Miniature scenes carved on carnelian, amethyst, and other precious gemstones were extremely popular in classical antiquity. The tiny intaglios and cameos were set in personal rings, brooches, amulets, and seals. Starting in the fifth century bc, intricately carved Etruscan and Etruscan-style gems often depicted sculptors or artisans at work, and they illustrated mythic and real craftsmanship in unexpected ways. Etruscan culture, which flourished in Italy several centuries before the rise of Rome, was highly influenced by classical Greek mythology. Etruscan artists are known for interpreting Greek myths in a unique manner on mirrors, vases, and gems. The unusual scenes of Prometheus (called Prumathe in Etruscan) as an engineer of human anatomy appear on about sixty intaglio rings, seals, and scarabs, dating to the fourth to second century bc. Despite their exceptional technological imagery, these gems have attracted scant attention beyond cataloguing and dating.

The artists who carved the gems portray the human prototype (usually male but sometimes female) as incomplete, in the process of being worked with tools and assembled piece by piece on a framework, much as a sculptor would construct a statue upon an internal armature or in sections. In other words, the gems illustrate biotechne rather than magic or fiat in making artificial life.

Pictured as a solitary artisan, Prometheus fabricates the first human in a step-by-step procedure. He employs methods and tools that would have been easily recognizable to real craftsmen in antiquity: hammer, mallet, scraper, scalpel, scaffolding, rods to measure the proportions of the figure, and plumb line and plummet.

The vignettes on the gems fall into two types. In the first, Prometheus is fashioning an unfinished body—head, torso, one arm—supported by ropes on a framework of poles. At least one of these gems includes the foreparts of a horse and a ram, reflecting the ancient tradition that Prometheus was also the creator of the first animals.

Prometheus Creating the First Man, c. 30 BC.

The second type is even more extraordinary, for here we see Prometheus working from the inside out. Instead of molding a figure on a metal or wood frame, he starts by building the figure’s natural internal armature, the human skeleton—all the more astonishing because depictions of human skeletons are otherwise almost unknown in ancient Greek art. In these gems Prometheus typically affixes the arm bone to the human skeleton, using a mallet or hammer. The expectation is that he will add internal organs, blood vessels, flesh, skin, hair, and so on—working outward from naturalistic interior anatomy to the finished human prototype.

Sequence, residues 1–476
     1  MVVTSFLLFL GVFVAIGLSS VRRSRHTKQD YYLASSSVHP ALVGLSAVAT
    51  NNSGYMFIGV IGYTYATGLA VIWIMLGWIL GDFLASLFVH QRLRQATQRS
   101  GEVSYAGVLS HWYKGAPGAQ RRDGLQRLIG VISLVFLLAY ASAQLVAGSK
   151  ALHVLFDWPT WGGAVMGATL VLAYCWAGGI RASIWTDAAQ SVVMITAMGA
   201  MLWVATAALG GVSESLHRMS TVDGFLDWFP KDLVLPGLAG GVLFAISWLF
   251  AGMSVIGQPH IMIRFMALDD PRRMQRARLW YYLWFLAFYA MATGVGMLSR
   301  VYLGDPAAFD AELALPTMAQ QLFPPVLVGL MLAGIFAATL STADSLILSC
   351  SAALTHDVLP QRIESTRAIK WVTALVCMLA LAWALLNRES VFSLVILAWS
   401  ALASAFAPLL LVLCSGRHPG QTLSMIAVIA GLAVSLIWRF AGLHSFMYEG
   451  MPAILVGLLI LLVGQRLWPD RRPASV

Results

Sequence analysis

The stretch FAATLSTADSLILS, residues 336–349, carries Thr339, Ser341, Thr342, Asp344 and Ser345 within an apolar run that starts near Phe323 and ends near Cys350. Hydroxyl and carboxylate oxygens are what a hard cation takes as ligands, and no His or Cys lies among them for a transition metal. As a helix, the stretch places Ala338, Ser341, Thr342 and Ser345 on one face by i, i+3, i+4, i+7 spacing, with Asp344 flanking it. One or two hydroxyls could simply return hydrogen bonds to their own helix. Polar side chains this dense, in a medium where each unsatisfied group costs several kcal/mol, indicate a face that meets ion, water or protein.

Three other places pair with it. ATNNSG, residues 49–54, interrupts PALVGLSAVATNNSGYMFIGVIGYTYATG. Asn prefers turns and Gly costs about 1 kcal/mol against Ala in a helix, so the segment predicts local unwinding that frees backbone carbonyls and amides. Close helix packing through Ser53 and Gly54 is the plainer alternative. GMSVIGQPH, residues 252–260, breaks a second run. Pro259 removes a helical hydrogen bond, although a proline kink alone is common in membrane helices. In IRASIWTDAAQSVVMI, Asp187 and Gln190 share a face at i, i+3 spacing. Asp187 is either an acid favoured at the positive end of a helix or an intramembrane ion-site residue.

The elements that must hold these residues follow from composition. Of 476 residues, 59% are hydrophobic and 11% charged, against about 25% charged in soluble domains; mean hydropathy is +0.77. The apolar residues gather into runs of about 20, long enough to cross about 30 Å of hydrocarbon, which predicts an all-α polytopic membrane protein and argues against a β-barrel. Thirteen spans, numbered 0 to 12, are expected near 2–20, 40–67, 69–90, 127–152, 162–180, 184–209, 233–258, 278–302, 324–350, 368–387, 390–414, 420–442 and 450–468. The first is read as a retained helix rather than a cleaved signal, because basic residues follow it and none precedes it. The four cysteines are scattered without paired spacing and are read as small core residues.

On one gem, now lost but preserved in an engraving of 1778, a curious scene combines the two types: we see the back of a partially molded male torso on a human skeleton. Prometheus, seated and holding a tool in his right hand, is shown fleshing out the man’s upper back and arms attached to a bare skull and the lower vertebrae, pelvis, and leg bones of the skeleton. The area where the partially fleshed-out ribs meet the skeletal vertebrae is similar to the narrow “unfinished” waist in the other gems depicting the upper half of a man.

The decision of the ancient gem artists to show Prometheus constructing the first human starting with the bone structure likens the Titan to a sculptor who constructs a statue upon a model skeleton. In antiquity sculptors did use skeletal forms, called kanaboi, usually of wood, as the internal core around which they attached clay, wax, or plaster in the first stages of creating statues. Wooden cores were also used with cold-hammered sheets of metal and in the technology of lost-wax casting of bronze statues, as described by Pausanias, Julius Pollux, and others. The process was mentioned by Pliny the Elder, who admired the excellently wrought small clay models and wooden skeletons used in the first stages of making bronze statues in the studio of the renowned sculptor Zenodorus in Rome. Wooden armatures did not survive the heat of casting, but modern analyses of famous ancient bronze statues reveal that metal armatures were also used. A kanabos served as a kind of three-dimensional diagram of body structure. With this methodology in mind, one can appreciate how the scenes on the unusual Etruscan gems imagine Prometheus designing his project, using technology and tools, and starting by assembling a real kanabos, the physical structure of what will become the first human.